Good news has been rare when it comes to the Ebola outbreak. Now, there's a glimmer of hope. One vaccine has yielded promising results in humans - even if it has its drawbacks.
For months, bad news - even bordering on the apocalyptic - was the norm when it came to Ebola in West Africa: Exponential infection rates, agonizing deaths, and an epidemic lasting much longer than expected.
For those waiting anxiously for a sign of hope, maybe - just maybe - here it is.
In September, human trials began on Ebola vaccine candidates. Now, the first results have been published on the website of "The New England Journal of Medicine."
"The experimental vaccine was well tolerated and produced immune system responses in 20 out of 20 healthy adults who received it," announces the National Institute of Allergy and Infectious Diseases (NIAID) in Bethesda, Maryland, which co-conducted the study with the pharmaceutical company GlaxoSmithKline.
This does not mean, however, that the vaccine protects against the deadly virus.
This study is only a first step - an important one, experts say - and it means researchers can now start crucial, real-world testing in West Africa on people who come into contact with the virus.
Chimp cold with a dash of Ebola
Two completely different vaccine candidates are currently being tested on humans.
The vaccine results announced Wednesday (27.11.2014) name complicated name cAd3-EBO. It consists of a chimpanzee-derived cold virus with genetic Ebola material inserted inside it.
The vaccine actually comes in two varieties: Half of the cold viruses contain gene material from the Ebola Zaire-Guinea varient responsible for the recent outbreak in West Africa, while the other half is from a Sudan strain.
Crucially, each candidate vaccine does not contain a complete Ebola virus, therefore rendering it incapable of causing the disease.
Another vaccine was developed by the Public Health Agency of Canada - results of human trials are still pending
Twenty healthy adult volunteers from the Washington D.C. area received one shot of the experimental vaccine.
Ten recipients received a low vaccine dose, the other 10, tenfold that amount.
After four weeks, all volunteers had produced antibodies against at least one of the two different Ebola species.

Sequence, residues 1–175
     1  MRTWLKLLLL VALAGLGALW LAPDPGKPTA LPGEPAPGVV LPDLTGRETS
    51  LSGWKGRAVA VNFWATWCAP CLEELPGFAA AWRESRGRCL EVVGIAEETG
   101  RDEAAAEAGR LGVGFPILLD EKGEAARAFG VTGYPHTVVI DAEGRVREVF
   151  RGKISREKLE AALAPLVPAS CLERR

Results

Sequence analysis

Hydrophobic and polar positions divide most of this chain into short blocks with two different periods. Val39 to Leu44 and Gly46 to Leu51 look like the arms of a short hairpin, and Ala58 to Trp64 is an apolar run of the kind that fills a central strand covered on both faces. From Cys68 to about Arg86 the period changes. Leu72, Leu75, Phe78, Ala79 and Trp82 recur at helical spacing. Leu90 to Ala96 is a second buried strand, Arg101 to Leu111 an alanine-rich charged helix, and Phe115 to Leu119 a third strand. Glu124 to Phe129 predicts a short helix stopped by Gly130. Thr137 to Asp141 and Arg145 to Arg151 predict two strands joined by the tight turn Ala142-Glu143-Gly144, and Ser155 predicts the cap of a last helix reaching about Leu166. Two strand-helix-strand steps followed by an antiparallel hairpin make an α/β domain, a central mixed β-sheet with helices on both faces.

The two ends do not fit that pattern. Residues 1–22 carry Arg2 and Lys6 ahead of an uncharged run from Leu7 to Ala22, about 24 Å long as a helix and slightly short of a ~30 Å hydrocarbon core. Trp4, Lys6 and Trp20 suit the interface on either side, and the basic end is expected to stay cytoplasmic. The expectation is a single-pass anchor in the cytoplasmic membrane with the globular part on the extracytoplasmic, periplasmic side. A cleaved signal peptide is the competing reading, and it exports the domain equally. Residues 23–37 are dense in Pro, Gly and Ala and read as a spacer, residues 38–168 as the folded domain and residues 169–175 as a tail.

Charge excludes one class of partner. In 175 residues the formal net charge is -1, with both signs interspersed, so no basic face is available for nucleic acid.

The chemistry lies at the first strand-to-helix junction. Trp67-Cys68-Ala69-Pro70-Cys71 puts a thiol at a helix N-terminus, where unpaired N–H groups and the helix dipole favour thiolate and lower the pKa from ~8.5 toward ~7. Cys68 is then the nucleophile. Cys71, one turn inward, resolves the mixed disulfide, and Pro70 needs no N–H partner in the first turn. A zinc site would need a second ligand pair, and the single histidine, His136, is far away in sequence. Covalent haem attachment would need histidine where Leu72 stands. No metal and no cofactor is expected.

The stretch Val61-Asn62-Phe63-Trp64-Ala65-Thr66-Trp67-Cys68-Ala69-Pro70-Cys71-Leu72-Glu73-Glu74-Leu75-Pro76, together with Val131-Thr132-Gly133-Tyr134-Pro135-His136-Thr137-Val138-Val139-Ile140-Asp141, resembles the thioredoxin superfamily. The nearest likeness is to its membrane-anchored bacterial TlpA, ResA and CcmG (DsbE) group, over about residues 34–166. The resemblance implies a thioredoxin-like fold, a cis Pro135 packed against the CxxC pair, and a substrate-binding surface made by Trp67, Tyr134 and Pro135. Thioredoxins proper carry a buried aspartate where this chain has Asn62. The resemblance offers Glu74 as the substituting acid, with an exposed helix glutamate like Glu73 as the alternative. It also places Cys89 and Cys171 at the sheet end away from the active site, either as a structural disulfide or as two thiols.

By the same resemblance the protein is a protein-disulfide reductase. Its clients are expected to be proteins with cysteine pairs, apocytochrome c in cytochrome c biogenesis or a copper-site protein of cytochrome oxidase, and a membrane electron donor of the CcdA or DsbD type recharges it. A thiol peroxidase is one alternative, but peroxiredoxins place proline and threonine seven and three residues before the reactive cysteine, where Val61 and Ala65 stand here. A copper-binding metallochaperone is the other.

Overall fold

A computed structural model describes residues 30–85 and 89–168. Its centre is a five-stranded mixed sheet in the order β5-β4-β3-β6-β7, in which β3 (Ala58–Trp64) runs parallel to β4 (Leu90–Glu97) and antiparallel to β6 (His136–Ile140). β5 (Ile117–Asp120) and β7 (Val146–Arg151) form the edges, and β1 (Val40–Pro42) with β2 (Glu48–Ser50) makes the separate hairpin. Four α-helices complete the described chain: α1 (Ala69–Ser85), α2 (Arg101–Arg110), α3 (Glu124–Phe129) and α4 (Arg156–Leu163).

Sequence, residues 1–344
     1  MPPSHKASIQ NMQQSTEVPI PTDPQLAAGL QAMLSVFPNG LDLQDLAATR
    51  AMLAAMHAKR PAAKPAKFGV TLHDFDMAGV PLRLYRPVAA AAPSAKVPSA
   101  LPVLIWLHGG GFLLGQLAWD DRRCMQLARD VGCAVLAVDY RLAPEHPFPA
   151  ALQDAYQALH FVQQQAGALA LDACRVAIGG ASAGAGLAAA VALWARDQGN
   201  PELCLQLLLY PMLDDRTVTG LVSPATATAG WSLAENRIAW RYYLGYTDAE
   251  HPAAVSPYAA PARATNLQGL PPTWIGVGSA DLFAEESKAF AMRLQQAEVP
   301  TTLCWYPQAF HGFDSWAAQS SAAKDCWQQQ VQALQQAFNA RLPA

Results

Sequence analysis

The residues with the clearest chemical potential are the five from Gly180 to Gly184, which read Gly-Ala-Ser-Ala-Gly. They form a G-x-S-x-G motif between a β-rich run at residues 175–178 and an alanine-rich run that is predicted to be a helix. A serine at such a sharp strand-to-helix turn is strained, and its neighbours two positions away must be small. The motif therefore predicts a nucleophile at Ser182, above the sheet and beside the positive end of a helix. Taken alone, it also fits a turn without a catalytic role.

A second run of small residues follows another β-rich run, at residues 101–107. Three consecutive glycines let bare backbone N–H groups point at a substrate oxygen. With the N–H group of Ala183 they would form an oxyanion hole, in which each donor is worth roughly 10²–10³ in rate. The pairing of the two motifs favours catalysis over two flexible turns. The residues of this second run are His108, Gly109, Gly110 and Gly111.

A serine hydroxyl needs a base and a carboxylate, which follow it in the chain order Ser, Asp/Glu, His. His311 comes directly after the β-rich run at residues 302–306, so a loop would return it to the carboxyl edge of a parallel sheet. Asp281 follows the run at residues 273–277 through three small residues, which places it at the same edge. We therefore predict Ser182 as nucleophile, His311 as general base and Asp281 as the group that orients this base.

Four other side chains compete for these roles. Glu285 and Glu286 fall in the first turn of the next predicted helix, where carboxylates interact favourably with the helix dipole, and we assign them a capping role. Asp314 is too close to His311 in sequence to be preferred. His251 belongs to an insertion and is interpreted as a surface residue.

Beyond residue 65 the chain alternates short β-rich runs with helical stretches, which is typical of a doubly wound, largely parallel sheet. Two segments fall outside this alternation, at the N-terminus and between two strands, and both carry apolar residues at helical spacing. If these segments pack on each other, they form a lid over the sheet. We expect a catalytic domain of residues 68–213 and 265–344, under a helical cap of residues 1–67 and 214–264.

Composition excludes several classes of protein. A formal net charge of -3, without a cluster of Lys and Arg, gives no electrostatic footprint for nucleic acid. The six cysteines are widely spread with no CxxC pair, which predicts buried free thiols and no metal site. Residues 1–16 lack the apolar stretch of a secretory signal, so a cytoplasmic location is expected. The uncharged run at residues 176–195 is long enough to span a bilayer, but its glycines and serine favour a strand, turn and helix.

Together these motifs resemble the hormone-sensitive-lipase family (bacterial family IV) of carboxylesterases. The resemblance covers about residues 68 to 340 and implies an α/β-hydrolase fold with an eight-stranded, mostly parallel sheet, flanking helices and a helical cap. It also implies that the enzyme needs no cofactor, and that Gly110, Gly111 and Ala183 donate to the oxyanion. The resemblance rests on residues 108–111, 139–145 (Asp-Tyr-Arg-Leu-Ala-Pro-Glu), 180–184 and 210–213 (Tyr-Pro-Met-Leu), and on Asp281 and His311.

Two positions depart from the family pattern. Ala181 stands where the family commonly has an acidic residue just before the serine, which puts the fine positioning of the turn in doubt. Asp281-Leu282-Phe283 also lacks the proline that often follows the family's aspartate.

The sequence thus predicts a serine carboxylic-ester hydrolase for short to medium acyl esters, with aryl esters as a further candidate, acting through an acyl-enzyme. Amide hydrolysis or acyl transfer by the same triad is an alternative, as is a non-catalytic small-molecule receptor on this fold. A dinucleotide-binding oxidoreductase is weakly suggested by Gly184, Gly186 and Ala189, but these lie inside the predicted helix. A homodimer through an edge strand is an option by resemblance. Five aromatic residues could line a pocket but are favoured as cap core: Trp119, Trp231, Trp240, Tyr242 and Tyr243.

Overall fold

"No safety effects were identified," the researchers write in their report.
Two volunteers, though, developed a fever which was only transient, the researchers say.
That no volunteer developed serious side effects "is very good news," said Cesar Munoz-Fontela, a researcher at the Leibniz Institute for Experimental Virology in Hamburg.
He stresses that it is still a preliminary report and that it's difficult "to draw a lot of conclusions." But, according to Munoz-Fontela, the candidate vaccine seems "promising."
That two patients developed a fever won't be a problem, he says, adding that "there are a lot of vaccines that cause mild fevers in vaccinees."
While researchers are working on a vaccine, German engineers constructed an aircraft with a special isolation cabin for Ebola-infected passengers
Animals reacted differently
Not everything went perfectly, however.
All volunteers produced antibodies - which, according to Munoz-Fontela, is "quite nice."
But researchers expected this vaccine would also induce a T-cell response in the volunteers. These cells are an important part of the immune system.
"We know from previous studies in non-human primates that CD8 T cells played a crucial role in protecting animals that had been vaccinated […] and then exposed to otherwise lethal amounts of Ebola virus," said Julie Ledgerwood of NIAID, the trial's principal investigator.
Of the 20 volunteers in the human trial, though, only two in the lower-dose group and seven in the higher-dose group produced these CD8 T cells.
"If this vaccine depends on CD8 T cell response, this may be a problem," says Munoz-Fontela.
Munoz-Fontela is part of a research team that plans to have a closer look at people who were infected with the Ebola virus and who survived the disease.
The immune response of these survivors could give better insight into how a good Ebola vaccine might work in humans.
Still a long way to go
At this point, there is no way to know from the results of the phase-one study if the vaccine will protect people in the field, experts say.
First of all, researchers are waiting for further results: Another version of the same vaccine is being tested at the University of Maryland in Baltimore. That version of the vaccine also consists of the chimpanzee-cold virus as a carrier, but rather than carrying the genetic material from two Ebola species, it contains only the Zaire-Guinea variety.
The results will be available by the end of this year.
"If the combined data from these trials are positive, the next phases of the clinical trial program will begin in early 2015," GlaxoSmithKline announced, "to see whether the immune response we are seeing in phase one actually translates into providing people in affected countries with meaningful protection against Ebola."
If it does, we can speak of very good news indeed.